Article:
Building Respect



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The latest buzz around College Community campus is about the construction going on at the high school. The construction workers have been putting long hours into improving the look and functionality of our school. Construction started in 2018 and is scheduled to be complete in March of 2020.


But that isn’t all that they’ve been doing.


A school’s environment is much different than a construction zone, having both in the same location makes things a little challenging. It shows us what’s okay and what needs to be brought to our attention.


Student’s aren’t always the most respectful at school, but we have been asked and reminded by our Administration to be respectful to the workers and from what we know students listened. However, as a student who spends the majority of my free periods sitting outside in my car, I witness many things from these workers that are frustrating.


Frustrating is an understatement when it is on a campus that we care for.


Students see them speeding through the parking lots, parking in student spots, slight attitudes in the hallways, throwing their cigarettes out of their windows, drifting in skid loaders when its wet outside, and treating our campus like it’s a dump.


With all of the construction, it brings a lot of rules that students and teachers need to follow in order to stay safe. But it almost seems as if those rules don’t apply to the construction workers.


A major rule on Prairie’s campus and every school campus is that there is no smoking and no tobacco products allowed.  


These are professionals in their field,  but that doesn’t mean that the no smoking rule doesn’t apply to them. They need to be held to a higher standard. There’s nothing more annoying to than trying to enjoy the fresh air, but instead all I smell is the foul stench of cigarettes and something burning that probably shouldn’t be.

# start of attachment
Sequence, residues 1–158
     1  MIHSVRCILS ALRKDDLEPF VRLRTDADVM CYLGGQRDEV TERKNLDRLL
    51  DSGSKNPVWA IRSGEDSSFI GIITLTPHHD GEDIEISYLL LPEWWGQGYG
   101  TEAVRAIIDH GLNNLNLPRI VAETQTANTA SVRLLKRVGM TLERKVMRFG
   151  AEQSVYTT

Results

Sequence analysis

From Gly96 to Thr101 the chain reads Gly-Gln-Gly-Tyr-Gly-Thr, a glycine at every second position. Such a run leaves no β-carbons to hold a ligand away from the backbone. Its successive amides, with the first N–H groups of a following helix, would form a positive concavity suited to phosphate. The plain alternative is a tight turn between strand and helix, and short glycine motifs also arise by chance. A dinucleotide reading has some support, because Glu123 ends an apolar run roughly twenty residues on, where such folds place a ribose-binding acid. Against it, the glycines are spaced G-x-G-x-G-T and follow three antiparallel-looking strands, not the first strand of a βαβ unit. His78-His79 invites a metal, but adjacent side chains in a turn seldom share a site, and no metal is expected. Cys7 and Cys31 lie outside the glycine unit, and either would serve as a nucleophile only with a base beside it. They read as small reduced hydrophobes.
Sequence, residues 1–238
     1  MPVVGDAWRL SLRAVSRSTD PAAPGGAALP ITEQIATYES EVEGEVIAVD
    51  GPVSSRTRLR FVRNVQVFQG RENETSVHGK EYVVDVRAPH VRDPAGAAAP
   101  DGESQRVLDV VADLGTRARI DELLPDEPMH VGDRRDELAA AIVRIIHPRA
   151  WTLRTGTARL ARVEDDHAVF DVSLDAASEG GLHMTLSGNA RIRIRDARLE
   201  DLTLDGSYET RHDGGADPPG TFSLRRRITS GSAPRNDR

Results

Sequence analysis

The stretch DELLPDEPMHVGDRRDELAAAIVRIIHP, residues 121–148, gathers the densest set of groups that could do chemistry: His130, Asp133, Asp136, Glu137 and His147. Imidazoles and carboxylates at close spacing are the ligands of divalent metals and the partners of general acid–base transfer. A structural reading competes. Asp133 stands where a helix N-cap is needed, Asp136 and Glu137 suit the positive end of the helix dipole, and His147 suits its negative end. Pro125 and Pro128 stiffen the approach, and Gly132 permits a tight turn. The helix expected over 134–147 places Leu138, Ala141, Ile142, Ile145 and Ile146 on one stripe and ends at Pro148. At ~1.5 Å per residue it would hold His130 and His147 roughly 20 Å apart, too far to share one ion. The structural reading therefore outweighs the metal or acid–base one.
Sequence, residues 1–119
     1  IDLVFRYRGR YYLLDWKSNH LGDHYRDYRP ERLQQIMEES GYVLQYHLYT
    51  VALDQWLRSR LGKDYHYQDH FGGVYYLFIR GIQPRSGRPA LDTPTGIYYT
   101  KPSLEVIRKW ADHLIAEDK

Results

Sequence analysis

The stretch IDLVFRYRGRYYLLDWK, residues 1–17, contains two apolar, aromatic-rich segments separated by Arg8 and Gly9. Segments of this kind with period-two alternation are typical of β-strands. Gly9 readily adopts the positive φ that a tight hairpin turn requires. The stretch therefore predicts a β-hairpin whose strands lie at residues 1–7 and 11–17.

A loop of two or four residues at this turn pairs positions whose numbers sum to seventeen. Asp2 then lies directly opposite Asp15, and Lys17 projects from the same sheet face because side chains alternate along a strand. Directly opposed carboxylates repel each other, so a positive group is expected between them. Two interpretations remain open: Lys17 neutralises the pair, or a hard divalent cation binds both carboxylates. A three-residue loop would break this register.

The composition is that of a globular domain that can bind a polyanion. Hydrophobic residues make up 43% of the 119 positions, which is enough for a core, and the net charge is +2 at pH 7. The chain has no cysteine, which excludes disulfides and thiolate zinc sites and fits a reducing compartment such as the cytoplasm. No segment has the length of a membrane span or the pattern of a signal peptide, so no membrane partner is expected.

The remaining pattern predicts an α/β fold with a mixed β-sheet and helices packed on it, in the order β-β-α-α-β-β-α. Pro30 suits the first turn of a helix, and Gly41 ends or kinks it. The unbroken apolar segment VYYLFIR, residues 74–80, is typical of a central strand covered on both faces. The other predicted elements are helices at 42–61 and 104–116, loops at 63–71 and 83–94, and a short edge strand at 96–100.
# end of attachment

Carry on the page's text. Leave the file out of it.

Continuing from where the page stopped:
However, It’s not just the air that needs cleaned up around Prairie.


One of the changes in the building is the front entrance has been moved to the Lifting room doors, where they were working earlier last fall. Once the fences were moved and the area became accessible, that location became the temporary front entrance of the High School.


This is where parents drop off and pick up their kids, where students walk to enter the building, and where the construction workers left nails, wiring, large rocks, and sharp objects.


These dangerous objects can get in the way and can potentially put nails and holes in your tires. This doesn’t seem like a big deal until it happens to you.


I normally try to avoid the front entrance, but the one day I didn’t avoid it to pick up a friend, the next morning I realized I had a flat tire with a nail in it.


Students and staff of Prairie High School try their hardest to be respectful and say thank you to the construction workers, but it’s a little hard when we aren’t given the same respect back.


One thing is for sure: these workers are well-trained and are doing an outstanding job of improving our school. However Throughout life I have been taught that if you visit somebody’s home, you should treat it the same way that they do.


These companies are being paid to help improve Prairie. It would be beneficial if all of them could help take care of Prairie.